Slowly push the graham crackers toward each other.

      Have the students take note, on graphic organizer, as to what happens.  Notice how the wet edges crumple?  This is how mountains are made at convergent plate boundaries.  When continents move towards each other there is nowhere for the rock to go but up! 

      Have the students measure the uprising of the crackers and record this on the graphic organizer.



  1. Fourth activity will be to observe transform plate boundaries


      Pick the two crackers up off the frosting and turn them around so that two dry edges are next to each other.

      Push one cracker past (sliding it) the other to simulate a transform plate boundary like the San Andreas fault in California.

      Have students take note of what happens as the two plates slide past each other on graphic organizer.


  1. Finally have students eat the remaining model materials (with exception to the wax paper and the plastic knife or spoon). 



First day:  Ticket out the door:  Give each student a small piece of paper (a page from an earth shaped and colored notepad is awesome!) and have them write, in one sentence, what was the most interesting item they learned in lab today.  They must turn into the teacher as they leave.


Second day:  Turn in essay and drawings.



The students will use the previous days graphic organizer to prepare and write a short essay discussing how the earths plates interact when they move.  All four activities will be discussed with diagrams with labels detailing what type plates are used and depicting what each interaction looked like in cross-section format.




Attached Rubric can be used to evaluate the graphic organizers, drawings, and essay.



A third day working on the essay and diagrams may be needed for learners that need extra time to formulate detailed paragraphs.  A main idea/detail sentence organizer can be used to help below-level learners to organizer their thoughts easier.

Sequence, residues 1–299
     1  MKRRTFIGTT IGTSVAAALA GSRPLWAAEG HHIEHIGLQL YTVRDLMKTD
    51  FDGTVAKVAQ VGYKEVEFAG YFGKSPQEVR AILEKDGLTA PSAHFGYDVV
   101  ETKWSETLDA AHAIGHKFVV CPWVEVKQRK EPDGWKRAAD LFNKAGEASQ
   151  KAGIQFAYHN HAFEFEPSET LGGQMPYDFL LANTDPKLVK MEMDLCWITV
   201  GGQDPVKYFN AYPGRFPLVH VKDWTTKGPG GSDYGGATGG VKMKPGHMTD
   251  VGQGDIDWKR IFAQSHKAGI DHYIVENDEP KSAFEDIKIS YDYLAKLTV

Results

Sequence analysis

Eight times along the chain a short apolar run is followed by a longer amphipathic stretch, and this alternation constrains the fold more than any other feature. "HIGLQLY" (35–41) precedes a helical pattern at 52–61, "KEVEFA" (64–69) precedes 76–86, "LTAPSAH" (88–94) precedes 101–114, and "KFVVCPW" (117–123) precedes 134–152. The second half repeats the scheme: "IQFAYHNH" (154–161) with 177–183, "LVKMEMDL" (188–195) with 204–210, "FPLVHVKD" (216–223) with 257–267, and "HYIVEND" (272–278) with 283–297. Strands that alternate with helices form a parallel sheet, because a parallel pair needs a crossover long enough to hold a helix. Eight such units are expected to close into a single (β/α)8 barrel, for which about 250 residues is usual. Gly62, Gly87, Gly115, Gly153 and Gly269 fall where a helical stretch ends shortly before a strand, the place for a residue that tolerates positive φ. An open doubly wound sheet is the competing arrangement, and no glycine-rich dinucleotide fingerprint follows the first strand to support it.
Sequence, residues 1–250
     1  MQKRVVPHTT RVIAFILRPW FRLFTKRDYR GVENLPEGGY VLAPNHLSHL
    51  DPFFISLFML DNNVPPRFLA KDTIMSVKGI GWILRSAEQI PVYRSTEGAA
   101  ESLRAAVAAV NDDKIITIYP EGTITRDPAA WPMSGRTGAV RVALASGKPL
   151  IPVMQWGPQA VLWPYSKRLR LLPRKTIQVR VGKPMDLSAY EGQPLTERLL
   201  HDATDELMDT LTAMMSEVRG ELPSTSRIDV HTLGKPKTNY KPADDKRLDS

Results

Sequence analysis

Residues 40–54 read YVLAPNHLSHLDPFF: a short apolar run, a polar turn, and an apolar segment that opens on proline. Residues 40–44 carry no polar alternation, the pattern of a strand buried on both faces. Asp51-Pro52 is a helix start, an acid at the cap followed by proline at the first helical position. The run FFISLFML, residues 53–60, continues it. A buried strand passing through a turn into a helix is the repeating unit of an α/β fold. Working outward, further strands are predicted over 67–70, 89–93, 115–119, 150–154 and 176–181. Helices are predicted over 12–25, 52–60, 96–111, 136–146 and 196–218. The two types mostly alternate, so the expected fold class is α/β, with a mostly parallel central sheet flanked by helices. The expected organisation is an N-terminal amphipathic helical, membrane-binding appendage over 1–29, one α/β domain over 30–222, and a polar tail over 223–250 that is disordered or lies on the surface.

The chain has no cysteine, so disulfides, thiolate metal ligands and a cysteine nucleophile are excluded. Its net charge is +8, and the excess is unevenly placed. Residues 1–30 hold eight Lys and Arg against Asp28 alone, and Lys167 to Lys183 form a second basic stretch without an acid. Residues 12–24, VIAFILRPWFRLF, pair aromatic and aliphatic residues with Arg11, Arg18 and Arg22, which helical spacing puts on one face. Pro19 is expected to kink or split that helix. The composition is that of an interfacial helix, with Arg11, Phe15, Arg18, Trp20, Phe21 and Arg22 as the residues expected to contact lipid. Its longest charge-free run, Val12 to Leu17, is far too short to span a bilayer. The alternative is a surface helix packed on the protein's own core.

If time permits have the students complete the snackin plate tectonics word search.




Lesson plan adapted from:  Windows to the Universe Website.  www.windows.ucar.edu




Rubric for Snackin' Plate Tectonics Lab
  Star Geologist Up and Coming Geologist Amateur Geologist
Essay Complete and Detailed Information  Mostly Complete and Detailed Little to no detail and is not complete
All plate movement activities discussed Most of plate movement activities discussed Little to no discussion of the plate movement activities
50 points 43 points 38 points
Organization of Thoughts Graphic Organizer used extensively Graphic Organizer used partially Graphic Organizer rarely used
Well organized, demonstrates logical sequencing and sentence  Well organized, but demonstrates some illogical sequencing or sentence structure Weakly organized and sentence structure is illogical
15 points 12 points 7 points
Grammar 3 or less spelling errors  and grammatical mistakes 4 to 6 spelling errors and grammatical mistakes More than 7 spelling errors and grammatical mistakes
5 points 3 points 1 point
Diagrams All 4 plate movements are drawn and labeled 2 to 3 plate movements are drawn or some labeling is not included  1 or less plate movements are drawn or little to no labeling is included
20 points 15 points 10 points
Managed Time Wisely Completed lab and worked cooperatively with others Most of lab completed or had some trouble working cooperatively with others Did not finish lab or had considerable trouble working cooperatively with others
5 points 4 points 3 points
Quality of Overall Work Neat Somewhat neat Messy
Word processed or neatly hand-written Hand-written with a few messy erasure marks Hard to read with heavy erasure marks or words scratched out
5 points 4 points 3 points
    Total points:__________________